In Otherwise Than Being, the very core of the subject is undone by the other, who is inside the ego as ipseity. It is an expression of Levinas’ mature thought, where ethics is took to an extreme and identity is destroyed from inside. In Totality and Infinity, instead, the risk of alienation is avoided, because ipseity is still a nucleus of genuine egoism.42

Levinas, as much as he strives to save the subject from alienation, gives way to it in his mature thought. Kierkegaard, on the other side, is able not to fall in solipsism, but is on the edge of a cliff. Focusing on the subject or on the other leads the two thinkers to opposite forms of extremism. Notwithstanding this and the modal differences, they are united by a threefold view of the relation between the finite and the infinite: the subject (finite) relates to God (infinite), who leads it toward the other person (finite).

4. A lifelong suffering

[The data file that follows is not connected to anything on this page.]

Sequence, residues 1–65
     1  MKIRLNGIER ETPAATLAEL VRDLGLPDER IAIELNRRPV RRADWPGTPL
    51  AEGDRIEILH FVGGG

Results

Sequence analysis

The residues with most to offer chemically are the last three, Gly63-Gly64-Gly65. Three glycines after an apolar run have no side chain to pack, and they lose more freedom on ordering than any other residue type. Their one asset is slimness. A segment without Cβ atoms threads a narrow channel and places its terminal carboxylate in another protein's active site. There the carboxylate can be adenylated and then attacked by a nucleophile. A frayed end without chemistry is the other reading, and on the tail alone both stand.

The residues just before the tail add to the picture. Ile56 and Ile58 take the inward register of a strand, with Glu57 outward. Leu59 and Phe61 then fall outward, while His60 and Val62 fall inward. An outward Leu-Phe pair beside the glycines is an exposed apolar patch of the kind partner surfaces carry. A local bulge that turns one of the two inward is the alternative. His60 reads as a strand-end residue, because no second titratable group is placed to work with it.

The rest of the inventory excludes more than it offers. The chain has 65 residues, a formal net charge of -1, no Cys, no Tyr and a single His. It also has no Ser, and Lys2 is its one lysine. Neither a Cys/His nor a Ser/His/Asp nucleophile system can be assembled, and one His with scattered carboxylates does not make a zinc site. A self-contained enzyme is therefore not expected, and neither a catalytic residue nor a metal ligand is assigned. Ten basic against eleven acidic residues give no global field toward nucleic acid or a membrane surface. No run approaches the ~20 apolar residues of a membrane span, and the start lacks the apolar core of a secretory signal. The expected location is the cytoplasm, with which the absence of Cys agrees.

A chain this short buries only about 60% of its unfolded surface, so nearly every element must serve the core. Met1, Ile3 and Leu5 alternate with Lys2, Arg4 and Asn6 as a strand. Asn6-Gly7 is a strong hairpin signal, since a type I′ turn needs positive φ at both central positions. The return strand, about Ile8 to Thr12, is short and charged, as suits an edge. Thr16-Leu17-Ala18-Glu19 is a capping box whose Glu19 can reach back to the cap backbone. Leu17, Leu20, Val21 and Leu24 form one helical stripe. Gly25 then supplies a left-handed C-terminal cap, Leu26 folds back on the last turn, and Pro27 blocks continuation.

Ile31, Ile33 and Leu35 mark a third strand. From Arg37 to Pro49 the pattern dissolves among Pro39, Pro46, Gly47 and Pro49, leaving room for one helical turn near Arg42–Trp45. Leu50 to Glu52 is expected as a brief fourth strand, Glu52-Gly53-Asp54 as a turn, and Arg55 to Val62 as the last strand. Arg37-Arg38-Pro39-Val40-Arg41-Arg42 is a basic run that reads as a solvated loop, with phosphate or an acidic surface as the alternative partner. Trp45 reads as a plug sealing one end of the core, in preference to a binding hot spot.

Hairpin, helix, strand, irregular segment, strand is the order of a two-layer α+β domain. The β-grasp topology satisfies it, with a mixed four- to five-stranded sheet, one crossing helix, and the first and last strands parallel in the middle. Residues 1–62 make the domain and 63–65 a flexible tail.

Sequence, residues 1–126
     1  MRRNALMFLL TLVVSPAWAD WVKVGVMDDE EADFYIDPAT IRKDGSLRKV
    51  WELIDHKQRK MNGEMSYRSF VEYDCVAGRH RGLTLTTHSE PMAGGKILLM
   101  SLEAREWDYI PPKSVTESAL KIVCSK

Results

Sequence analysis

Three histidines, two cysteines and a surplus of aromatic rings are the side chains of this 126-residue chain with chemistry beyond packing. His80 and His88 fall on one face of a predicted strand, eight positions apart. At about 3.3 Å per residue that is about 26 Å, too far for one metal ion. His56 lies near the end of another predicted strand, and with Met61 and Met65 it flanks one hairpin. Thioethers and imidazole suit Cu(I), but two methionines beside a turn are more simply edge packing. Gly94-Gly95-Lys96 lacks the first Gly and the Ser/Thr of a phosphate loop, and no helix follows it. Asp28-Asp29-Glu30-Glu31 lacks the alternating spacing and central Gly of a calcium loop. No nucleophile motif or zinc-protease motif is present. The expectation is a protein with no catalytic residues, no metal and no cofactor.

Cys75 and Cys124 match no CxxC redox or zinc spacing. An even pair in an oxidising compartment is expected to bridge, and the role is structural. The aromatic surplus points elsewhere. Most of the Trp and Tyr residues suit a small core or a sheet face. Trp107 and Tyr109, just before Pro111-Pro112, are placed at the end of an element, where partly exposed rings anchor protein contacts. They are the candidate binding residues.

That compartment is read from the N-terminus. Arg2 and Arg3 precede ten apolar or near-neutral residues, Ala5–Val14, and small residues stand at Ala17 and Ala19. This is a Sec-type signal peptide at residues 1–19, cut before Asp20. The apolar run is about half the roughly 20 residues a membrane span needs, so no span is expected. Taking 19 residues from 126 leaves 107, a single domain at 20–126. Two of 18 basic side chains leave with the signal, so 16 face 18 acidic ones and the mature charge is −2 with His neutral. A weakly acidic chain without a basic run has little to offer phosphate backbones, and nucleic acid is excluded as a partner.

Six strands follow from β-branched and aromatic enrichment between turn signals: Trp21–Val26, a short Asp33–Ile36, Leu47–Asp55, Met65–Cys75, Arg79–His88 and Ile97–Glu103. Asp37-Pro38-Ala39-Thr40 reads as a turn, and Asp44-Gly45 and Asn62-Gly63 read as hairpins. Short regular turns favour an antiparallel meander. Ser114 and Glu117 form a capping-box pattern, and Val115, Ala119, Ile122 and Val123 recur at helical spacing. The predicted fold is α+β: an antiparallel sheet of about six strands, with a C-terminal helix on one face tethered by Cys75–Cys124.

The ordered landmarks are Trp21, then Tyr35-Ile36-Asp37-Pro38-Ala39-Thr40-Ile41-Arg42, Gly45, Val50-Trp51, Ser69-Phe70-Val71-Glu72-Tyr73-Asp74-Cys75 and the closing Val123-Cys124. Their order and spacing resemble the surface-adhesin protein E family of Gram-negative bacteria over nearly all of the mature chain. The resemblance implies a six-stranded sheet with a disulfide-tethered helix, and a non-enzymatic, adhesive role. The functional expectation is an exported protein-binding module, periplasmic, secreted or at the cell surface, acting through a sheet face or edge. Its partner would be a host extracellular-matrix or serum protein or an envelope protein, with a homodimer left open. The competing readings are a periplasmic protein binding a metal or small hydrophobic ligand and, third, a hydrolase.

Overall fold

The last aspect of the relation between the infinite and the finite in Levinas and Kierkegaard is an unavoidable suffering of the subject. The latter, in its tension towards God, cannot help but experience a pathos, inextricably connected to the conscience of its own limits.

Individual existence is, according to Kierkegaard, a synthesis of the finite and the infinite. It is the place where transcendence reveals itself through the actions of an exceptional singularity. The subject is thus in the middle between its own needs as a worldly entity and the tension to go beyond the systems regulating these needs and their satisfaction. Becoming subjective means living in this world and striving for another world. The individual who follows his vocation knows already what his priority is: he has to renounce to satisfy his needs, when they hinder the pursuit of eternal happiness.43